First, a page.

Egypt Clashes Among Country's Worst Bloodshed

Protests in Egypt turned violent Saturday after authorities cracked down on supporters of ousted President Mohammed Morsi.

Copyright © 2013 NPR. For personal, noncommercial use only. See Terms of Use. For other uses, prior permission required.


This is WEEKEND EDITION from NPR News. I'm Susan Stamberg.

Egypt's Health Ministry reports more than 70 people have died in clashes between security forces and protesters that took place on a major road in Cairo. Most of them were supporters of ousted President Mohamed Morsi and the Muslim Brotherhood from which he hails.

Reaction to the fighting in Egypt is rather muted at the moment. But as NPR's Soraya Sarhaddi Nelson reports, a growing number of Egyptians are concerned over what the government is planning next.


SORAYA SARHADDI NELSON, BYLINE: The main morgue in Cairo was too full to accommodate all of the bodies from the attack. Some of them, draped in sheets, remained outside in the sweltering heat. Human Rights Watch reports that many of those killed were shot in the head, neck, or chest by riot police.


NELSON: The clashes began when pro-Morsi protesters tried expanding their sit-in camp to a major boulevard, where they were confronted by police and armed civilians.

The Muslim Brotherhood claims the attack was unprovoked, but security officials claim they were only reacting to pro-Morsi protestors moving in on anti-Morsi demonstrators.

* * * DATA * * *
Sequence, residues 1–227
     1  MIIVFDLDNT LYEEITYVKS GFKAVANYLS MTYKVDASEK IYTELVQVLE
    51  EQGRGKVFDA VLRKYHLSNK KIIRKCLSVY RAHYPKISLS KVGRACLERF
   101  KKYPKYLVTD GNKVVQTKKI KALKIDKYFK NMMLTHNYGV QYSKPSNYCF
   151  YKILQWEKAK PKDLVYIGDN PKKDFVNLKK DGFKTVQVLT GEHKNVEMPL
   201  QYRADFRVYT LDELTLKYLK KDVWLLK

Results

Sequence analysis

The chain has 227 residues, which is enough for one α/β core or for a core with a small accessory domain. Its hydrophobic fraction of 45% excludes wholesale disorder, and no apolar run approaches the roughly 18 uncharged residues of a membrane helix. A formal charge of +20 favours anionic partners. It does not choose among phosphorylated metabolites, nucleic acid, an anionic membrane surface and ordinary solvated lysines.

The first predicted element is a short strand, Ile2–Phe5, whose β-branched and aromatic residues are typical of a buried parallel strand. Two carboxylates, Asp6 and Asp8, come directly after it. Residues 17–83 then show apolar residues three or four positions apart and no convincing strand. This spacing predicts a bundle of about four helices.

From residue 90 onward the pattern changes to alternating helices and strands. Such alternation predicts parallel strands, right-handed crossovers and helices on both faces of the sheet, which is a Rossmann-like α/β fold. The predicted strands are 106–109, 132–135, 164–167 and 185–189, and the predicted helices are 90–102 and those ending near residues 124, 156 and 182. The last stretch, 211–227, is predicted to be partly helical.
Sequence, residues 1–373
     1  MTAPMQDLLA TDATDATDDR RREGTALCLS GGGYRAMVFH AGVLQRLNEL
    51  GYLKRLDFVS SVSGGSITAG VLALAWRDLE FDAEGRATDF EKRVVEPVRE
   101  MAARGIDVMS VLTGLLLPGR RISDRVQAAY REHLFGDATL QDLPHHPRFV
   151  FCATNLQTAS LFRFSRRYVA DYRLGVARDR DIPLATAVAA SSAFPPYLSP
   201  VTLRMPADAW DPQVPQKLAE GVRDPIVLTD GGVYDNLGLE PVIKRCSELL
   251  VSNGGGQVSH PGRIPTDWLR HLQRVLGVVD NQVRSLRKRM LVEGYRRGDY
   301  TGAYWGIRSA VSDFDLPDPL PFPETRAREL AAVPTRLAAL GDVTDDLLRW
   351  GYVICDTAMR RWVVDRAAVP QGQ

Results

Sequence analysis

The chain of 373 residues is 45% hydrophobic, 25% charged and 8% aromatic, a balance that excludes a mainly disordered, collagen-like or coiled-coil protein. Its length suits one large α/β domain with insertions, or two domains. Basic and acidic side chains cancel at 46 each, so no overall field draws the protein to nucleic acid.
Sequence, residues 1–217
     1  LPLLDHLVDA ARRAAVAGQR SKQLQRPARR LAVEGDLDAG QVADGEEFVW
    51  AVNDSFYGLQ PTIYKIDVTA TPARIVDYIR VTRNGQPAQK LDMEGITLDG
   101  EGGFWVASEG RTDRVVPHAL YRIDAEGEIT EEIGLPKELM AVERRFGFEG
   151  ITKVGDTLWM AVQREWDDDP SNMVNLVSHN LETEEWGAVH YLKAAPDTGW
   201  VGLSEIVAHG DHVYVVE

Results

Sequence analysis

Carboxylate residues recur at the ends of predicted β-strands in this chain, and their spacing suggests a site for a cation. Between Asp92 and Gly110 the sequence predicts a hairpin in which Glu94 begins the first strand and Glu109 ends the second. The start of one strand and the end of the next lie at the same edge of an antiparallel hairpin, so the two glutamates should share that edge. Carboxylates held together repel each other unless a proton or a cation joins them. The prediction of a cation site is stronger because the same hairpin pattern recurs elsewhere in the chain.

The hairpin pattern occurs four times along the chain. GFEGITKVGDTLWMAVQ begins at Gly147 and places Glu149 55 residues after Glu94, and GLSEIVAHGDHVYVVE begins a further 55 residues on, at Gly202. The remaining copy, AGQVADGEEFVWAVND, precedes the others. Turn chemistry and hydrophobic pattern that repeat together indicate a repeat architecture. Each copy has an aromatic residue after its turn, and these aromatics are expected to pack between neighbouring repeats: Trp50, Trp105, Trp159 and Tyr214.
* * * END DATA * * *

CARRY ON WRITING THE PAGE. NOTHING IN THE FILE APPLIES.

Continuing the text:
MOHAMMED IBRAHIM: (Foreign Language Spoken)

NELSON: At a news conference yesterday, Interior Minister Mohammed Ibrahim also denied that police officers were aiming to kill.

IBRAHIM: (Foreign Language Spoken)

NELSON: He added that to improve public safety, he is reactivating unpopular security agencies that spy on Egyptians and that were mothballed after Hosni Mubarak's ouster. That didn't sit well with supporters of the interim government, including the Tamarod movement, which is credited with generating the popular groundswell that led to the military coup.

In a statement posted online, the group said it utterly rejects a return to civil rights infringements of the Mubarak era, even in the name of fighting religious extremism and terrorism.

Soraya Sarhaddi Nelson, NPR News, Cairo.

Copyright © 2013 NPR. All rights reserved. No quotes from the materials contained herein may be used in any media without attribution to NPR. This transcript is provided for personal, noncommercial use only, pursuant to our Terms of Use. Any other use requires NPR's prior permission. Visit our permissions page for further information.

NPR transcripts are created on a rush deadline by a contractor for NPR, and accuracy and availability may vary. This text may not be in its final form and may be updated or revised in the future. Please be aware that the authoritative record of NPR's programming is the audio.



Please keep your community civil. All comments must follow the Community rules and terms of use, and will be moderated prior to posting. NPR reserves the right to use the comments we receive, in whole or in part, and to use the commenter's name and location, in any medium. See also the Terms of Use, Privacy Policy and Community FAQ.